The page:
Autores: Dolors Costal / Carles Farré / Xavier Franch / Carme Quer /
Palabras Clave: Inclusion and exclusion criteria - Systematic Mapping Study - Tertiary studies
Context: Modern services and applications need to react to changes in their context (e.g. location, memory consumption, number of users) to improve the user+IBk-s experience. To obtain this context, a monitoring infrastructure with adequate functionality and quality levels is required. But this monitoring infrastructure needs to react to the context as well, raising the need for context-aware monitoring tools. Objective: Provide a generic solution for context-aware monitoringable to effectively react to contextual changes. Method: We have designed CAMA, a service-oriented Context-Aware Monitoring Architecture that can be easily configured, adapted and evolved according to contextual changes. CAMA implements a decoupled architecture and manages a context domain ontology for modelling the inputs, outputs and capabilities of monitoring tools. Results: CAMA has been demonstrated in three real use cases. We have also conducted different evaluations, including an empirical study. The results of the evaluations show that (1) the overhead introduced by the architecture does not degrade the behavior of the system, except in extreme conditions; (2) the use of ontologies is not an impediment for practitioners, even when they have little knowledge about this concept; and (3) the reasoning capabilities of CAMA enable context-aware adaptations. CAMA is a solution useful for both researchers and practitioners. Researchers can use this architecture as a baseline for providing different extensions or implementing new approaches on top of CAMA that require context-aware monitoring. Practitioners may also use CAMA in their projects in order to manage contextual changes in an effective way.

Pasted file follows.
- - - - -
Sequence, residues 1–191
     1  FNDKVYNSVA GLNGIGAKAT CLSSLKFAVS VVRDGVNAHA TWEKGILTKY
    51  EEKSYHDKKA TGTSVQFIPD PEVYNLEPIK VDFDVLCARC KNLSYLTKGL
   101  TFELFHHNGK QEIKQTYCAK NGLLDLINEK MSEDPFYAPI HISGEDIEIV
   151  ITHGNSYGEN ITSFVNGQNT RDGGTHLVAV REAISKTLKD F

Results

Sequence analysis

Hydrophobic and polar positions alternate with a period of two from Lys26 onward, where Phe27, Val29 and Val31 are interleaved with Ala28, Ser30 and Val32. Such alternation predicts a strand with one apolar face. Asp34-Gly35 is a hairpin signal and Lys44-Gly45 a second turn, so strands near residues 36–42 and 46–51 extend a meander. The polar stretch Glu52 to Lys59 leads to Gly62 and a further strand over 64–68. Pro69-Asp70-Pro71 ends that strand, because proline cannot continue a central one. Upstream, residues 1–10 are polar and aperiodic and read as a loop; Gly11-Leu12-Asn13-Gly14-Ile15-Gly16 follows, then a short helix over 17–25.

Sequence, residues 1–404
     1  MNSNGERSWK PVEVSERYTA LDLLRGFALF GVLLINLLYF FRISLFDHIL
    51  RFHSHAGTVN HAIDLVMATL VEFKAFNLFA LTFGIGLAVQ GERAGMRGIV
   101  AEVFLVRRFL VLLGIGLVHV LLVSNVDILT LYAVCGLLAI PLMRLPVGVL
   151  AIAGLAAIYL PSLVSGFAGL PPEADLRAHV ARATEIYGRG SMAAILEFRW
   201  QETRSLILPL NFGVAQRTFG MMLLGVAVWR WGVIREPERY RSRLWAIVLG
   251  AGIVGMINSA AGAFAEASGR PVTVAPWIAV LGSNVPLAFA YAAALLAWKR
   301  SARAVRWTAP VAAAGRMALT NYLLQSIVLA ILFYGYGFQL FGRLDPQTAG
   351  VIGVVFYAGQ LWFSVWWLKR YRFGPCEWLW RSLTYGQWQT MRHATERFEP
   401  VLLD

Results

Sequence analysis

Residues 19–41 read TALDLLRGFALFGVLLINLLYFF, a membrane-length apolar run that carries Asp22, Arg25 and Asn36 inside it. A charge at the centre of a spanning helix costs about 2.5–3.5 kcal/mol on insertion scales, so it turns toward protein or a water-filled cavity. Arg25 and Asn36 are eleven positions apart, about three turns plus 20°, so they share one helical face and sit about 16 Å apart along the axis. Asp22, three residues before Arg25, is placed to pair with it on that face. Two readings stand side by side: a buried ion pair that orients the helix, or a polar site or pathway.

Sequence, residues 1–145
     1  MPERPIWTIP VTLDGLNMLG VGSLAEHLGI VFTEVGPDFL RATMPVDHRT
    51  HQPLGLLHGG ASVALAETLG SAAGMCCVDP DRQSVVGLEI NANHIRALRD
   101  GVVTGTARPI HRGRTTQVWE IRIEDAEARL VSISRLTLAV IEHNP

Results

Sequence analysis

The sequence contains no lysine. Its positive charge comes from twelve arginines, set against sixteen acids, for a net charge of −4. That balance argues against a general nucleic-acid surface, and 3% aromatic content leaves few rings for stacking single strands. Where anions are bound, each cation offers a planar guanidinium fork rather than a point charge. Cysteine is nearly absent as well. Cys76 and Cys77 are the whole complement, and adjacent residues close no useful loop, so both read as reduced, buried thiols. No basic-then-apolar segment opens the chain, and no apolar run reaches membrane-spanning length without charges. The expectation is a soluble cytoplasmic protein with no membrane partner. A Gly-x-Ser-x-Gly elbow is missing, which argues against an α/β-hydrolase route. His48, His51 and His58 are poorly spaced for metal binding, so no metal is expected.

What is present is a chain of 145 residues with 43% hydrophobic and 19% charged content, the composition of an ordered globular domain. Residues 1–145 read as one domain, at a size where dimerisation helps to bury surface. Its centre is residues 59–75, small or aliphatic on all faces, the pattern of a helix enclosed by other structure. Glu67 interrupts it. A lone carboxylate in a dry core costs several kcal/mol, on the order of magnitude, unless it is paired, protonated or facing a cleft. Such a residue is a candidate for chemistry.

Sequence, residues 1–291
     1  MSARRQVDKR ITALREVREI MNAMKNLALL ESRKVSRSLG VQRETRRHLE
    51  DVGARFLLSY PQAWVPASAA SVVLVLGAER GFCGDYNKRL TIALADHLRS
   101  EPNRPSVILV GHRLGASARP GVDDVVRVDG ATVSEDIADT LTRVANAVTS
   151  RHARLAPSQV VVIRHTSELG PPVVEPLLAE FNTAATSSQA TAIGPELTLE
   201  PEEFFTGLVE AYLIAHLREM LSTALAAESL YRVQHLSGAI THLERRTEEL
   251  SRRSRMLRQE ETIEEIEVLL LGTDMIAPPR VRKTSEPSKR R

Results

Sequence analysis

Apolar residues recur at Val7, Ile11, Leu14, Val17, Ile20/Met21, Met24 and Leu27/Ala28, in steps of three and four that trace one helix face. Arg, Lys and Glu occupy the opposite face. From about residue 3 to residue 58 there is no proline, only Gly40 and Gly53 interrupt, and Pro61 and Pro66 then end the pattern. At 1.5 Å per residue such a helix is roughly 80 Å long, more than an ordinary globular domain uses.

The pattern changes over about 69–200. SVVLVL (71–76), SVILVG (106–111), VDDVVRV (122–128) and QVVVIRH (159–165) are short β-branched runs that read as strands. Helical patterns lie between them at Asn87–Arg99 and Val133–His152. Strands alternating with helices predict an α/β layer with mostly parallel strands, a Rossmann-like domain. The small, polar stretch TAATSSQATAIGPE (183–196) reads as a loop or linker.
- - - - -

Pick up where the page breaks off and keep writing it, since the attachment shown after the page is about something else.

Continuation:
Autores: Oscar Cabrera / Marc Oriol / Xavier Franch / Jordi Marco /
Palabras Clave: Context acquisition - Context life cycle - Context ontology - Context-aware computing - Software adaptation - Software reconfiguration
Autores: Alessia Knauss, Daniela Damian, Xavier Franch, Angela Rook, Hausi A. Müller, Alex Thomo Revista: Informacion & Software Technology 70: 85-99 (2016) DOI: http://dx.doi.org/10.1016/j.infsof.2015.10.001 JCR IF 2015: 1.569 (primer cuartil de la categoría de ingeniería del software) 3 citas (excluyendo self-citations)
Autores: Alessia Knauss / Daniela Damian / Xavier Franch / Angela Rook / Hausi A. Müller / Alex Thomo /
Palabras Clave: Contextual requirements - requirements engineering - Self-adaptive systems